Home Property Finance & InvestmentMortgages Remortgagers driving forecasted lending increase in 2022 as homebuyer demand drops

Remortgagers driving forecasted lending increase in 2022 as homebuyer demand drops

by LLP Finance Reporter
17th Nov 22 4:39 pm

The latest market analysis by mortgage experts, Revolution Brokers, has revealed that despite recent turbulence following a string of base rate increases, the total sum of lending secured across the UK property market is on course to sit two per cent higher than it did in 2021.

Based on an analysis of lending data from the Bank of England, the research by Revolution Brokers forecasts that total lending secured on dwellings across the UK market is set to hit £314.6bn in 2022.

This is by far the highest level seen during the pandemic property market boom and 17% higher versus the total lent in 2019 – equating to £45.6bn more lent to individuals in a single year versus the pre-pandemic market.

It’s also some 2% more than the total sum lent in 2021, a jump of over £6.1bn in the last year.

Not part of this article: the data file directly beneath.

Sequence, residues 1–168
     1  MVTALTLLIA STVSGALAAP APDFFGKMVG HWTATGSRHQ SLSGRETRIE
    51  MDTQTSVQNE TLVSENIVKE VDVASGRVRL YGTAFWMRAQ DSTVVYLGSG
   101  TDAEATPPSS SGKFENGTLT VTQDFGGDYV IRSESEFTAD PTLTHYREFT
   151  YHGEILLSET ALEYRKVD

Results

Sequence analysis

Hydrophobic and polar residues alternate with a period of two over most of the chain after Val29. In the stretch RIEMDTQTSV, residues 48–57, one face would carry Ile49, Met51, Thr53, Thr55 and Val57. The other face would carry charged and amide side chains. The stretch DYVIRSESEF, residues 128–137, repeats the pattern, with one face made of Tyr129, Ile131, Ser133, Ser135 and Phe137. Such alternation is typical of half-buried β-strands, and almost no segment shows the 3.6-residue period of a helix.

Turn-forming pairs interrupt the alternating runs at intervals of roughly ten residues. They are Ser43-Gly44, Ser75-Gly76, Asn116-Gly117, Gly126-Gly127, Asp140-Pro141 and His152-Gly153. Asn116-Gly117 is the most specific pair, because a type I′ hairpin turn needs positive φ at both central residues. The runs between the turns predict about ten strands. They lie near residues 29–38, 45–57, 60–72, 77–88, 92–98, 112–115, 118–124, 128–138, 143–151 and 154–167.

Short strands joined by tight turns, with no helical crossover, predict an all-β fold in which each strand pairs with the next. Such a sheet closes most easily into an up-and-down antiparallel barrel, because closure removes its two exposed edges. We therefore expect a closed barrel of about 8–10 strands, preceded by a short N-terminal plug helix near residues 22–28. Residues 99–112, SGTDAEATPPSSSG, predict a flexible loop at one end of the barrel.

However, there are early signs that the market uncertainty of recent weeks will leave an early mark on the sector. When breaking the market down specifically by those purchasing homes, the figures show that the total sum lent in 2022 is actually set to fall by 9.1% annually to £193.9bn – a £35.7bn reduction versus 2021.

Despite this, the estimated total sum lent to homebuyers in 2022 remains on course to sit 22.6% higher than it did in 2019.

In contrast, the sum lent to those looking to remortgage is predicted to increase by a notable 29.5% on an annual basis, reaching a total of £107bn in 2022. This total sits just 6% higher than the total seen in 2019 prior to the pandemic market boom.

Founding Director of Revolution Brokers, Almas Uddin said, “Despite the turbulence of the current economic landscape, the overall health of the mortgage sector remains strong and we’re on course to see the largest total level of lending since 2019.

However, when dissecting the market by the various types of lending, it’s clear that the pendulum is starting to swing in the opposite direction to that seen for much of the pandemic market boom.

Previously, it was new homebuyers driving market performance, with those already on the ladder having very little reason to remortgage before their initial terms had expired.

What we’re now seeing is a decline in lending on new home purchases as a string of base rate hikes have pushed the cost of borrowing upwards. At the same time, there’s been a lift in activity from those remortgaging, keen to lock in a favourable rate before mortgage rates increase any further.

While we’ve certainly seen the beginning of the end where the pandemic market boom is concerned, it’s not yet clear to what extent the market will now stutter.”

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